Fred Wilson

“Free” and the Future of Publishing

I had an interesting conversation on Saturday with Bruce Spector, the founder and CEO of a new web service called LifeIO. (See the end of this article for an explanation of what LifeIO is all about.) Bruce was part of the team that developed WebCal, which Yahoo! acquired in 1998 to form the core of its own calendar service, so he has been watching the web with an entrepreneur’s eye for some time now and he had an interesting take on the whole “free” debate and how it might apply to book publishing.

If you somehow missed the recent back-and-forth about Chris Anderson’s book Free, read the pro-“free” comments by Anderson, Seth Godin and especially Fred Wilson, and the anti-“free” perspective by Malcolm Gladwell and Mark Cuban, among many others. This piece by Kevin Kelly, not directly about “free,” is very good, too.

For the uninitiated, the issue boils down to this: The marginal cost of delivering a bit of information over the web — a song, a video, a bit of text like this one — is approaching zero. As a result, information is increasingly available, and consumers increasingly expect to get it, for free. So traditional “legacy” information-sellers like musicians or movie studios or newspapers, whose actual costs are very far from zero, have to figure out how to turn free-riders into paying customers — and fast, before they go out of business. Fred Wilson’s answer is “freemium“: you lure the customer in with a free basic service, then up-sell the heaviest users to a premium version of your product. As Wilson puts it, “Free gets you to a place where you can ask to get paid. But if you don’t start with free on the Internet, most companies will never get paid.”

How does all this apply to book publishing?

Here are some of Bruce Spector’s ideas. He is a great talker, though, and a summary like this doesn’t do him justice. Also, this was a private conversation, but Bruce kindly gave me permission to repeat some of his comments here.

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Categories: Internet · Publishing    Tags: · · ·

Fred Wilson on Social Media

Fred Wilson is a venture capitalist with a knack for explaining the power of social media in plain English. I am a junkie for the latest developments in the web, and I’ve become addicted to his blog, called A VC.

In this interview, he talks at length about the rise of social media — Facebook, Twitter, blogs, and blog comments, mainly — and why in the aggregate they will soon rival Google as the primary source of passed information on the web. The interview runs a little over thirty minutes but it’s well worth your time if you are interested in social media.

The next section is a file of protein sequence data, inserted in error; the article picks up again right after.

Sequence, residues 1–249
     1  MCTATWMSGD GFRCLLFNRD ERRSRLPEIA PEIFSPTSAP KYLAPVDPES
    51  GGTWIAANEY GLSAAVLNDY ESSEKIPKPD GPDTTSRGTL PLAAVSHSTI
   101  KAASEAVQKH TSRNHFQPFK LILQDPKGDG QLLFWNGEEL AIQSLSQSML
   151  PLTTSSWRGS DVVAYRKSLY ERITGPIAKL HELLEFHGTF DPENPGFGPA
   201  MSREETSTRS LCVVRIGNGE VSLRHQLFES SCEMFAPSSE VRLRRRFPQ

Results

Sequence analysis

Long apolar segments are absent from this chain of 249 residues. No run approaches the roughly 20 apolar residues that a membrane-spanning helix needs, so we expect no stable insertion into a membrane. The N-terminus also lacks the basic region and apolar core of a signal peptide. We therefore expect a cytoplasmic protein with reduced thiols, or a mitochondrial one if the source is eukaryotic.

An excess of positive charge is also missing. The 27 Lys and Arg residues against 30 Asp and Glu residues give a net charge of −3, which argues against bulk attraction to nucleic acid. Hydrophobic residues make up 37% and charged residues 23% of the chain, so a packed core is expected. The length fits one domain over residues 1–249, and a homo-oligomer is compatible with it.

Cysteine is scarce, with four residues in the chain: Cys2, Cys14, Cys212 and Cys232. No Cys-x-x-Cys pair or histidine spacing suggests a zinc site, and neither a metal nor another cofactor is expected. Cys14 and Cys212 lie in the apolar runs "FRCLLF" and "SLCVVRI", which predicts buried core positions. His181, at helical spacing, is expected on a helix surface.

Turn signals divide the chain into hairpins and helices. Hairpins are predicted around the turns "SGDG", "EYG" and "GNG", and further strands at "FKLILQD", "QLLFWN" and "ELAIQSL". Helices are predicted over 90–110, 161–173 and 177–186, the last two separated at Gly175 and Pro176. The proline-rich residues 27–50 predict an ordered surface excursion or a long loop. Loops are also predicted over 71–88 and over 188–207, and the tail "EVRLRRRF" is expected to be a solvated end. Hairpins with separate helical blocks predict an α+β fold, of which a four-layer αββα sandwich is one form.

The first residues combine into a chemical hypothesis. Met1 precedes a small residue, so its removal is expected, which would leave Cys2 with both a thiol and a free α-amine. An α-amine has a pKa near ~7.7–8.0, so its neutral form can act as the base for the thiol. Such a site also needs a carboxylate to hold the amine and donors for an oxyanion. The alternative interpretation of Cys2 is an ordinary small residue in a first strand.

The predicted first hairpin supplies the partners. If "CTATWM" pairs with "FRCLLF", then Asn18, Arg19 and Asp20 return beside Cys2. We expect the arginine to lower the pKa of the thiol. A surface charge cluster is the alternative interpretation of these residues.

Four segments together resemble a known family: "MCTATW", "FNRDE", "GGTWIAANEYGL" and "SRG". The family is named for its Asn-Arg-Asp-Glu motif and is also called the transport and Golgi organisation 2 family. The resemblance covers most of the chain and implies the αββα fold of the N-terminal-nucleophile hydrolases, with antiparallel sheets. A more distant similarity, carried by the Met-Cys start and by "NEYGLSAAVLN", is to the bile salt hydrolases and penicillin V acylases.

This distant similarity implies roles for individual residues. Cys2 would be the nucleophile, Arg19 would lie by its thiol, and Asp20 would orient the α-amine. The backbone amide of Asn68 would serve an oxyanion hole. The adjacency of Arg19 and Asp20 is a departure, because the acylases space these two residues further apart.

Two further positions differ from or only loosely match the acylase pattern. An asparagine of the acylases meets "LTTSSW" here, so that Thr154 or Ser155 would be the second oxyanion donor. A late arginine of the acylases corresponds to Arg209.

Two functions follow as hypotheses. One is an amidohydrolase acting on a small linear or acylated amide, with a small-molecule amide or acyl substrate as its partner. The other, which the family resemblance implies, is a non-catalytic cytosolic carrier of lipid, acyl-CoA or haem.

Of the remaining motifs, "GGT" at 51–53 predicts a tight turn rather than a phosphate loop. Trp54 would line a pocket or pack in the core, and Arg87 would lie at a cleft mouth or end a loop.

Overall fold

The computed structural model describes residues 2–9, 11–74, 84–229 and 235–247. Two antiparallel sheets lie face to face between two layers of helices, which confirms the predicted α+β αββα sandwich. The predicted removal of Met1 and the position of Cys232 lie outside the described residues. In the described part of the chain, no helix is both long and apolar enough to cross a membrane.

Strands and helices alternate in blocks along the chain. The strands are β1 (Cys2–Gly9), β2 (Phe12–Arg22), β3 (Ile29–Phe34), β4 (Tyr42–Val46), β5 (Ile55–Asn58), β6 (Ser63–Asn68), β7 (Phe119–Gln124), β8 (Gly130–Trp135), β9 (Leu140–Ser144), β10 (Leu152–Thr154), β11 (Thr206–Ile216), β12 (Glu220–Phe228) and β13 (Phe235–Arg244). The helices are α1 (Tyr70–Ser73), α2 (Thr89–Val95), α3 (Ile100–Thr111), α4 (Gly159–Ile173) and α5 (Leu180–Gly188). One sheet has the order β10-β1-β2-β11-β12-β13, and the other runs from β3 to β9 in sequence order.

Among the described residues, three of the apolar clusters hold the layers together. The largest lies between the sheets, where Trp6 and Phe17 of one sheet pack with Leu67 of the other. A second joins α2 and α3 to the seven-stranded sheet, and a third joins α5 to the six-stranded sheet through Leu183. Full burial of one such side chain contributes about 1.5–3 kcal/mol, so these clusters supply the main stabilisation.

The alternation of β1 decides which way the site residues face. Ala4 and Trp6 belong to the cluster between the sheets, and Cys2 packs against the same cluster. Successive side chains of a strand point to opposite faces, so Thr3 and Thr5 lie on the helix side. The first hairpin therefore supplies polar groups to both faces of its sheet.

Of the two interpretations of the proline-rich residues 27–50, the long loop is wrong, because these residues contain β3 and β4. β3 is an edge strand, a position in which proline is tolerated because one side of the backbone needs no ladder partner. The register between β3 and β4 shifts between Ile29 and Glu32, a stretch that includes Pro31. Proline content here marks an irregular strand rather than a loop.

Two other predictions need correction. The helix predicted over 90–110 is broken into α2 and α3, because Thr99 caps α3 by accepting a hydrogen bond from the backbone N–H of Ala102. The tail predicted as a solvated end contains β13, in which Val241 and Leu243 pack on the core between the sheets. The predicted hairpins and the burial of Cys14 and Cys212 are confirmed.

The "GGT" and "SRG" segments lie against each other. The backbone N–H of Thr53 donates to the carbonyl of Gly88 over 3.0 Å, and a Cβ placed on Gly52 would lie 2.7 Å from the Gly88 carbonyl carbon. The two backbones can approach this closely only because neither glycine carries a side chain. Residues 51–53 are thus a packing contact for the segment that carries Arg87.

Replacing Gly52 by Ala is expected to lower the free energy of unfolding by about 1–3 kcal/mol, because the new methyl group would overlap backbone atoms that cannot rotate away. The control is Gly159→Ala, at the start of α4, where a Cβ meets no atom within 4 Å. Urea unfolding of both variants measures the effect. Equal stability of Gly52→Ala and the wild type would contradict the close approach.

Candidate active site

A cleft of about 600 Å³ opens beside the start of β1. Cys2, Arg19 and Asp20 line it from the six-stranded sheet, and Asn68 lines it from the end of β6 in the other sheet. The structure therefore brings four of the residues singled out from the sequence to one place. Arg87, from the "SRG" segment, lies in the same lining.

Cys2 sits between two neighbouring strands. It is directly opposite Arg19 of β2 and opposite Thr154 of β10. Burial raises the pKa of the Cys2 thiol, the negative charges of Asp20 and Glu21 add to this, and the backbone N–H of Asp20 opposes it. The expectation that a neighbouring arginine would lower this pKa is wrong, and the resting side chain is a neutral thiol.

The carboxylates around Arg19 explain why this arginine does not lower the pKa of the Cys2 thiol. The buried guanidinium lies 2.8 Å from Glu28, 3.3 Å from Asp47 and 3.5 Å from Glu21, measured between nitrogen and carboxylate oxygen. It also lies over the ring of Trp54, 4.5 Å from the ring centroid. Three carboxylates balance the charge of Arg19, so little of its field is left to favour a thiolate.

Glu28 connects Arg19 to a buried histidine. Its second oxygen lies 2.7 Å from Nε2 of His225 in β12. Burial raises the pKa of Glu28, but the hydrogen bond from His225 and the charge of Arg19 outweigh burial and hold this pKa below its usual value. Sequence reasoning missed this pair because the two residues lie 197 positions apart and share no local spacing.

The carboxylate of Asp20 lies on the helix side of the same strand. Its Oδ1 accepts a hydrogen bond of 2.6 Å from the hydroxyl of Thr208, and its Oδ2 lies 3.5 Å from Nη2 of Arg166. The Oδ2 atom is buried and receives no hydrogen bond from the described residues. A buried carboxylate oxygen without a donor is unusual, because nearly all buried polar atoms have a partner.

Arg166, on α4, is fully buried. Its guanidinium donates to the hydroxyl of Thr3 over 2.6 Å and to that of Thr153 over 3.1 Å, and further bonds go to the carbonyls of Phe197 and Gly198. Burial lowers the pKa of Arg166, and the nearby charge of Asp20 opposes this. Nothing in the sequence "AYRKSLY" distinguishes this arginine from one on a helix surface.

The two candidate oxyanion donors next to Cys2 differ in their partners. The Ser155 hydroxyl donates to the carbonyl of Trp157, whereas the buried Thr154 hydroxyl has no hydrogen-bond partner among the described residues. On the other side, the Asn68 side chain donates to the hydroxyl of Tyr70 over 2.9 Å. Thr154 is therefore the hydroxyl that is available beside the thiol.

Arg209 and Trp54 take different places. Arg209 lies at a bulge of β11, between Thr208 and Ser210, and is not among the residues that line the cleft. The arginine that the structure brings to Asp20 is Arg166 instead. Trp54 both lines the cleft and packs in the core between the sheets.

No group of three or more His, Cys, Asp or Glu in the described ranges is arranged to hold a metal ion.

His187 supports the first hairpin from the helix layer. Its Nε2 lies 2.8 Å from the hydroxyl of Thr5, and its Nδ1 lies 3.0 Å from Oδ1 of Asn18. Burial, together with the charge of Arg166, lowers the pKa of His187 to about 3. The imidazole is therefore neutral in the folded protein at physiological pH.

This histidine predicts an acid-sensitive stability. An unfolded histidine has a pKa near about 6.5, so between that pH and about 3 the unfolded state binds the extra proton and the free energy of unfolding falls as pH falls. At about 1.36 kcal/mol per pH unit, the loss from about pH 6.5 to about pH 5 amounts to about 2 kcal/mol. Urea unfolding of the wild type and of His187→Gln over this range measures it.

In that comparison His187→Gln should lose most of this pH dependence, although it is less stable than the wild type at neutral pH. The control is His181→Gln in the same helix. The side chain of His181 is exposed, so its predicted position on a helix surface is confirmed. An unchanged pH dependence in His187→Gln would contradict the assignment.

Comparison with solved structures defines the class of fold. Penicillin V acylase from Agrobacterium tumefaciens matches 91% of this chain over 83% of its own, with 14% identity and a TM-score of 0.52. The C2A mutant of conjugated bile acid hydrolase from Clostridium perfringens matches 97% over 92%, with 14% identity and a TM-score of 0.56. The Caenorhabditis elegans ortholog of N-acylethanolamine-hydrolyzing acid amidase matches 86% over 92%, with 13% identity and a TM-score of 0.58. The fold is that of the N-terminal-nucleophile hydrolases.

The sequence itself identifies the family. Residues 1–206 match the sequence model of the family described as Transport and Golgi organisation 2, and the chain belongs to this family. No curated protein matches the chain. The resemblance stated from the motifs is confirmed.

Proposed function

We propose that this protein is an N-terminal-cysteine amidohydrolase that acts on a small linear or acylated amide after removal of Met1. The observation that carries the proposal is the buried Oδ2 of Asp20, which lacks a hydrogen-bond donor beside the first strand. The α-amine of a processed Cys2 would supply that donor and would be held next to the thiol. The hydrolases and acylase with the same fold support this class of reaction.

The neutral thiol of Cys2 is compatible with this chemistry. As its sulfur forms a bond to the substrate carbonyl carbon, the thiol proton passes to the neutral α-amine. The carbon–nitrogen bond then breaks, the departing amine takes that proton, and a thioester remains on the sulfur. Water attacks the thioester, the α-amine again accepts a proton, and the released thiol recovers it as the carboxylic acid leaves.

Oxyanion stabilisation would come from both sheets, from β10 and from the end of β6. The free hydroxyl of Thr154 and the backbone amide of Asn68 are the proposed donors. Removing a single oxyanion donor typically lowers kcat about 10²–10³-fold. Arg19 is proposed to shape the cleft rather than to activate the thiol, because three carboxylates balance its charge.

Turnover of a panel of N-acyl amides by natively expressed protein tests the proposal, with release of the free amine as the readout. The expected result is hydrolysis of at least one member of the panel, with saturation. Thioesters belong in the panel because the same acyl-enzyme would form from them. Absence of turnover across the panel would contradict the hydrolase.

I think all writers, including novelists, simply have to be on top of this stuff. For all the paeans we hear about the glory of traditional printed books, the fact is the internet utterly transforms our business and our art.

Anyway, for a taste of Wilson’s sort of insight, here is an excerpt from the interview, on why Twitter succeeds better than Facebook as a viral medium (this snippet comes at about 26:30 in the video).

Fred Wilson: … Search is very intent-driven: I want to buy a digital camera, I go, I search, I buy. The passed-links thing is much more serendipitous. StumbleUpon, I think, was a very interesting service … But it was very serendipitous, right? You stumbled upon something. And I think that Twitter and Facebook and social media more broadly, I think, is a more powerful way of that serendipity. You want, I think, in life, you want some things you subscribe to, you want some things that you go search for, and then everything else you want to come at you through some filtered set of trusted sources.

Interviewer: Through what Mark [Zuckerberg, Facebook’s co-founder] calls the “social graph.”

Fred Wilson: Correct. But the social graph — the problem that Facebook has, and they know it, is that there are a lot of people out there who are not friends who are really powerful social recommenders, and you’re just not going to have them in your social graph in the original instantiation of the way Facebook was set up. So I think blogging to me is the proper model, and I think that the people who started Twitter launched Twitter with the blogging model, which is: I can follow you and you don’t have to read me, and we don’t have to be friends but you can be influential. And that is, I think, a more natural model.

Categories: Internet    Tags: ·